The include the following:
- The Element Of Terror – Interviews With The Cast And Crew
- Strangers At The Door – Interviews With Writer/Director Bryan Bertino And The Cast
- Deleted Scenes
- TV Spots
- Theatrical Trailer
- Defining Moments – An Interview With Writer/Director Bryan Bertino
- All The Right Moves – An Interview With Actor Kip Weeks (Man In The Mask)
- Brains And Brawn – An Interview With Actress Laura Margolis (Pin Up Girl)
- Deep Cuts – An Interview With Editor Kevin Greutert
- Still Gallery
The first discs that houses the theatrical cut and the original content from the Universal Blu-Ray release. The Element of Terror and Strangers At The Door amount to about twenty minutes of EPK style interviews. Nothing to write home about. Also included are two deleted scenes, TV spots, and the very effective theatrical trailer.
The second discs that houses the Unrated Cut (and the preferred version of course) has all the new features as well.
Defining Moments is a 30 minutes interview with Bertino as he discusses the origins of the project and the making of. Bertino is justifiably proud of the work he’s done. He also gives some juicy tidbits on the other directors that attempted to make the project, and some honest reactions about the budgets in horror films now.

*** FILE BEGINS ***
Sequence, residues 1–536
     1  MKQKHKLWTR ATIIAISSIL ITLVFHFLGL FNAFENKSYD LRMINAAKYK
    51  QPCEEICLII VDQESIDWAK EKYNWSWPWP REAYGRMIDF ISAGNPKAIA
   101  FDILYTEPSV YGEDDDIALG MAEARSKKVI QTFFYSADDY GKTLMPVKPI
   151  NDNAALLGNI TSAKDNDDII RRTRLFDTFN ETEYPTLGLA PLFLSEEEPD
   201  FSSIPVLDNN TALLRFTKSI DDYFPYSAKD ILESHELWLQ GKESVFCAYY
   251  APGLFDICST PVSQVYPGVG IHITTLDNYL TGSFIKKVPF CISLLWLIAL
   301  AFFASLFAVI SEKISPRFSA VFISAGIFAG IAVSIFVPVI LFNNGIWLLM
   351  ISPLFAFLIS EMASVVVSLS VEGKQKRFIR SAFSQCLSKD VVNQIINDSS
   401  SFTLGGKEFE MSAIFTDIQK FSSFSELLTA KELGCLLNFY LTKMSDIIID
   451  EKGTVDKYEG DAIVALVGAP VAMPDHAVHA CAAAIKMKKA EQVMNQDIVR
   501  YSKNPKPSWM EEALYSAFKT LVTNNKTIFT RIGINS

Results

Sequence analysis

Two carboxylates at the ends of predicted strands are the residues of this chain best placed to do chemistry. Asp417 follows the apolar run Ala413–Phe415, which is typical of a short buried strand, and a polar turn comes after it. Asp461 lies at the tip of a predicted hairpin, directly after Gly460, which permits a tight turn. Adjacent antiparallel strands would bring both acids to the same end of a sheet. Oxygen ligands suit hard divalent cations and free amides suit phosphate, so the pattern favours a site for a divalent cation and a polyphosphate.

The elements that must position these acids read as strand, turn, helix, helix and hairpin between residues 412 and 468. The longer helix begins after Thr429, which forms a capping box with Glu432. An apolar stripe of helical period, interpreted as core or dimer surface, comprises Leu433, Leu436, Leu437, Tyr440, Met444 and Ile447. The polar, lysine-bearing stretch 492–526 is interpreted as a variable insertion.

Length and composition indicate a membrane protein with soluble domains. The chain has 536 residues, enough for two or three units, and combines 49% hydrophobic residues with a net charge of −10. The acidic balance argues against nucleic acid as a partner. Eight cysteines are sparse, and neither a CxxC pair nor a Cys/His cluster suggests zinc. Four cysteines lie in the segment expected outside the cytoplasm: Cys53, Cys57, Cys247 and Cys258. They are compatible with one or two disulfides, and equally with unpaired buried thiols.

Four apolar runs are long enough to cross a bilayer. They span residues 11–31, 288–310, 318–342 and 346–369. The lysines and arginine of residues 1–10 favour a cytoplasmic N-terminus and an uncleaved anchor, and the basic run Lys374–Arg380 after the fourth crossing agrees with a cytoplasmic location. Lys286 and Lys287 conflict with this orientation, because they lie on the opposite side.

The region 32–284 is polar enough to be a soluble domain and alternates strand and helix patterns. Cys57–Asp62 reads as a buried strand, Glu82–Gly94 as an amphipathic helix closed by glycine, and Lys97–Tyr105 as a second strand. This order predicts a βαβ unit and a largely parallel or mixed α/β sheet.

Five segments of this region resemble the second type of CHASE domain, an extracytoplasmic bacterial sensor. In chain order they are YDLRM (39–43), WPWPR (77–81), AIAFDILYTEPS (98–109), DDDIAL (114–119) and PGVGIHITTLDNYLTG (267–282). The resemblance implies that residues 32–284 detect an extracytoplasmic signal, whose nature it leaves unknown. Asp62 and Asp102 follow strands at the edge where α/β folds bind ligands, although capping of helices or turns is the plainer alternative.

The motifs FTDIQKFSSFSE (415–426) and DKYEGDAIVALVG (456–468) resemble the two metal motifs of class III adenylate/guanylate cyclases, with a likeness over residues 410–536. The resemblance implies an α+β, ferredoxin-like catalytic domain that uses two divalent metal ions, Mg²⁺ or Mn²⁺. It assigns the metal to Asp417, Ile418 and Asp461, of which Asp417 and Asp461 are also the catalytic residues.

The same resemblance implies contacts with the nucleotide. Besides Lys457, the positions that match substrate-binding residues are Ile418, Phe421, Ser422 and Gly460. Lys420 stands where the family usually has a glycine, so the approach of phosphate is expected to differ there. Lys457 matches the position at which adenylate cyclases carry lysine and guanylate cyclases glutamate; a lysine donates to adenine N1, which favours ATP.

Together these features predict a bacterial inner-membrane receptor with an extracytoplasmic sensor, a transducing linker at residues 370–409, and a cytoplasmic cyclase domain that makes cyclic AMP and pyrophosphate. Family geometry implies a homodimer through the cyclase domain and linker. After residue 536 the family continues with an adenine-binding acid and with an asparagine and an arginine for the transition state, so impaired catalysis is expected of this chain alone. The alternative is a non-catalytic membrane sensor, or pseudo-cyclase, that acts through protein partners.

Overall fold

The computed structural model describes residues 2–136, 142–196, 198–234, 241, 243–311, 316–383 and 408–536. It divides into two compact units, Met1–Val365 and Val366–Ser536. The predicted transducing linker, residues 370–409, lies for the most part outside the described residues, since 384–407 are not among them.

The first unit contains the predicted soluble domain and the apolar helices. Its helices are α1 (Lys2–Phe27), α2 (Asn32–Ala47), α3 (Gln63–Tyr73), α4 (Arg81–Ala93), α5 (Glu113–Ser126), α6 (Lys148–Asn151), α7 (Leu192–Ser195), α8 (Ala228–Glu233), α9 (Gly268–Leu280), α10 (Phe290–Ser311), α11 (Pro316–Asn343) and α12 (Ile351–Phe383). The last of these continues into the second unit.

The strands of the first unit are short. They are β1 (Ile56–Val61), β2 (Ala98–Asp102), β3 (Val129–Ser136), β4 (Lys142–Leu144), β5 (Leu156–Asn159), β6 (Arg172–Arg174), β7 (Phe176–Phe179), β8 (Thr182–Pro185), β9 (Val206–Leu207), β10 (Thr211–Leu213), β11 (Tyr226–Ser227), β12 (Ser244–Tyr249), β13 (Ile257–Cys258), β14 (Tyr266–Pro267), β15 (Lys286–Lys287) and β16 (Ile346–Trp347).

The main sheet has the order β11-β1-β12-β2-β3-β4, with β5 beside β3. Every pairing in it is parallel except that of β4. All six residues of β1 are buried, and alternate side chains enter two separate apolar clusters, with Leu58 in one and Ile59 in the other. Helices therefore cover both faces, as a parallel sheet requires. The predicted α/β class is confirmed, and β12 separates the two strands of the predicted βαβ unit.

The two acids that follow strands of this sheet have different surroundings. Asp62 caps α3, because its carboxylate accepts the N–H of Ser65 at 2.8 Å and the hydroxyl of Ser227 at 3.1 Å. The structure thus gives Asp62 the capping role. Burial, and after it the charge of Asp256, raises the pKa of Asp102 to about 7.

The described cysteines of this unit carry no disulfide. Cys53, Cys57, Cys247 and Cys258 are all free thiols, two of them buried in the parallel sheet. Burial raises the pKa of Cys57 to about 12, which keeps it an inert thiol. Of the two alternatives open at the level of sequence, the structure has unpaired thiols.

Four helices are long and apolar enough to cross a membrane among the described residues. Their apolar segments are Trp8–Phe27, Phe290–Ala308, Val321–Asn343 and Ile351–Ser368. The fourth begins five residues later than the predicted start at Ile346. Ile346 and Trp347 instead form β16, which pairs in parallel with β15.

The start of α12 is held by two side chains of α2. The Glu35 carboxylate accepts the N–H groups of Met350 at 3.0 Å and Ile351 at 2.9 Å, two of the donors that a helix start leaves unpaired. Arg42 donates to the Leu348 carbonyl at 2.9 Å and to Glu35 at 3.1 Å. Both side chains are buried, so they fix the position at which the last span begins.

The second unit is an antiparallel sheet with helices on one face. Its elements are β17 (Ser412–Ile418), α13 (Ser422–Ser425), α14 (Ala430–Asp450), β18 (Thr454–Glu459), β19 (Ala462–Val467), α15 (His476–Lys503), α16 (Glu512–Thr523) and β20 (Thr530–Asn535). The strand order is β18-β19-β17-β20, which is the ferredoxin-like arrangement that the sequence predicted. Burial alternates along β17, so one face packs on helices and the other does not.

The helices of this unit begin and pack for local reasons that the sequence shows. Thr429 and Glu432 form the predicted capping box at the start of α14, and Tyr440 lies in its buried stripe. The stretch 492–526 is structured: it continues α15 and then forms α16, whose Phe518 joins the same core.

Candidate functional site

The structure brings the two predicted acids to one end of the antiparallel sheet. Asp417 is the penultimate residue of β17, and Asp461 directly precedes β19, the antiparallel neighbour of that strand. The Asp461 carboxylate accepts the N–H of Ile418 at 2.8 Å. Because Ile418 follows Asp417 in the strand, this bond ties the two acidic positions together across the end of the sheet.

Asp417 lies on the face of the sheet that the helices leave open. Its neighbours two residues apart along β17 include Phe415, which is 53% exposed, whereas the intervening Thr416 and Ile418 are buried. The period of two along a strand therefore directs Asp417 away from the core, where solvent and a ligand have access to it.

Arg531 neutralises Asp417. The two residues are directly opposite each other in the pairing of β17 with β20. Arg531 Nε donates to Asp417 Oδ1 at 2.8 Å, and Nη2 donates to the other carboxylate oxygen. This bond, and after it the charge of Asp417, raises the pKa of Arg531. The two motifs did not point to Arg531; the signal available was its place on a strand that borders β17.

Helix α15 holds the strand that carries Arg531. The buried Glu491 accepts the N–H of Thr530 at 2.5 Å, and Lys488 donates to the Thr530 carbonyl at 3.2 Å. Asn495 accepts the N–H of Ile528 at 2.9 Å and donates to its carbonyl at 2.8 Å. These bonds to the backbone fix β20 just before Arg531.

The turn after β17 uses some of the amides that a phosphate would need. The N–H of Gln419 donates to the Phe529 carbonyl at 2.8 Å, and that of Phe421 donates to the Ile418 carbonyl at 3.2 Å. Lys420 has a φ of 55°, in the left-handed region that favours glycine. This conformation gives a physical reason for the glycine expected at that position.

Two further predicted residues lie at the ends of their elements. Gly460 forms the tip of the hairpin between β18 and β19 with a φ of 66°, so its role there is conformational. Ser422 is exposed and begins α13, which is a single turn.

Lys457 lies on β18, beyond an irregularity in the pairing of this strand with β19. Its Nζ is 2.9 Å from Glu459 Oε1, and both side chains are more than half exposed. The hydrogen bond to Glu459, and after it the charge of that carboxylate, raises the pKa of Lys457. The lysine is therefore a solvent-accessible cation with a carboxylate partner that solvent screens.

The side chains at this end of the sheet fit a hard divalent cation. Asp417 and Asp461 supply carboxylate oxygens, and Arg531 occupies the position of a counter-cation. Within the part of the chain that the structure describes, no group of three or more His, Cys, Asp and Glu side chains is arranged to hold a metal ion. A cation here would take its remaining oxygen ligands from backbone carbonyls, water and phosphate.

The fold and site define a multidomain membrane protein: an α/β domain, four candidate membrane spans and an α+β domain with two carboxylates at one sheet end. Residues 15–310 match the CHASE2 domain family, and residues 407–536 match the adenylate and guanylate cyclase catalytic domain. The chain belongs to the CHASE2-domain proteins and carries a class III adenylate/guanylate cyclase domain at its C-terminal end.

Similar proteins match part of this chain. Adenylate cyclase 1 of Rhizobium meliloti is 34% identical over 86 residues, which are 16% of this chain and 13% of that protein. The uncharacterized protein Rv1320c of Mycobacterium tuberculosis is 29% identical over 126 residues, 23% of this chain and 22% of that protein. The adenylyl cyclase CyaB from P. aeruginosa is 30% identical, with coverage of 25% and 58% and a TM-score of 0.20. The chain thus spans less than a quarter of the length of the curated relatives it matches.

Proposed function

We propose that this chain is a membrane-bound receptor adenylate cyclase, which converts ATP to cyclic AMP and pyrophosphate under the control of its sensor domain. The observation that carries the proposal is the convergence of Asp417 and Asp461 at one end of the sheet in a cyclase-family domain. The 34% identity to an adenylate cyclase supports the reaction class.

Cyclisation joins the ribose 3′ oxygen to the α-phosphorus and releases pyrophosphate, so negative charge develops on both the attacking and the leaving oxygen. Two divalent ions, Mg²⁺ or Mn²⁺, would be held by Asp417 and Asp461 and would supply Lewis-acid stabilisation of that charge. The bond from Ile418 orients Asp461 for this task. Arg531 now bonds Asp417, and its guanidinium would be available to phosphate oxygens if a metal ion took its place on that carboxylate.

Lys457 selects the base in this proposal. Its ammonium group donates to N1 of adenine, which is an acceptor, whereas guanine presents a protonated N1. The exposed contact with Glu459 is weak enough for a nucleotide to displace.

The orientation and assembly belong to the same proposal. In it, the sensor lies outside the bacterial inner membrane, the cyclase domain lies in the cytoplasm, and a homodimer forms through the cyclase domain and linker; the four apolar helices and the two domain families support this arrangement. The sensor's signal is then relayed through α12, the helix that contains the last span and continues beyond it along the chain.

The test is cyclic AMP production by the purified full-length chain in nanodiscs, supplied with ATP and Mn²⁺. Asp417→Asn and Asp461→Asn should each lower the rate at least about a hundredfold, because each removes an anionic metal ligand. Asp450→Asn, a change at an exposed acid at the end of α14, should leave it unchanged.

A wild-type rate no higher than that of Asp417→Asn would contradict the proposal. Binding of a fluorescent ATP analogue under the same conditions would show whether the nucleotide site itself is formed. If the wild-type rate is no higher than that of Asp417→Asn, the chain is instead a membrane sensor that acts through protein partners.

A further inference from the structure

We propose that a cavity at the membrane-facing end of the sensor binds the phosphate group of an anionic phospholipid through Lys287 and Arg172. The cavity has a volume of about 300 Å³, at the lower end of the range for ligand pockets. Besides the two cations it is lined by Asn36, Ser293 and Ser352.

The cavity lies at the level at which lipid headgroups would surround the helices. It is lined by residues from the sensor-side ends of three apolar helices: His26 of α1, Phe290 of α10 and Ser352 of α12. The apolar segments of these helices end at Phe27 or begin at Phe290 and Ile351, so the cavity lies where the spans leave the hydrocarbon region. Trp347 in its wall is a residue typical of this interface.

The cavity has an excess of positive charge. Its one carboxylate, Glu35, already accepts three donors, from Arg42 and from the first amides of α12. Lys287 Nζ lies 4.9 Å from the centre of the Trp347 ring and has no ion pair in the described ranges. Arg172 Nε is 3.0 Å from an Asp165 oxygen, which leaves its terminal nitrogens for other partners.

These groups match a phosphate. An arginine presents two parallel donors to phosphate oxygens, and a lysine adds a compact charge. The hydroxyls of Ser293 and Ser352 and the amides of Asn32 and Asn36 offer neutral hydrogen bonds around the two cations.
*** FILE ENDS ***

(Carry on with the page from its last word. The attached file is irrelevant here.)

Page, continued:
All the Right Movies is a 11 minute interview with Kip Weeks who played the Man in the Mask. Weeks discusses his audition and the production itself. There’s some good tidbits on how the process of making the titular Stangers into more than just masks.
Brains and Brawn is a 13 minute interview with Laura Margolis plays the Woman in the Pin Up Girl mask. Margolis like Weeks discusses her audition process but also discusses her part and how it evolved and Bertino’s work with her on the part as the leader of the group.
Deep Cuts is a 20 minute interview with editor Kevin Greutert and his superb work on the film. The interview is fascinating for anyone that is looking for a “nuts and bolts” discussion of what an editor does on a film and specifically a horror film. Greutert’s work is so vital to the films success and is definitely the best bonus feature on the disc.
The Final Thoughts
The Strangers is horror at its most emotionally effective. Scream Factory delivers the goods with a great transfer and thoughtful extras for a neo-Classic. HIGHEST POSSIBLE RECOMMENDATIONS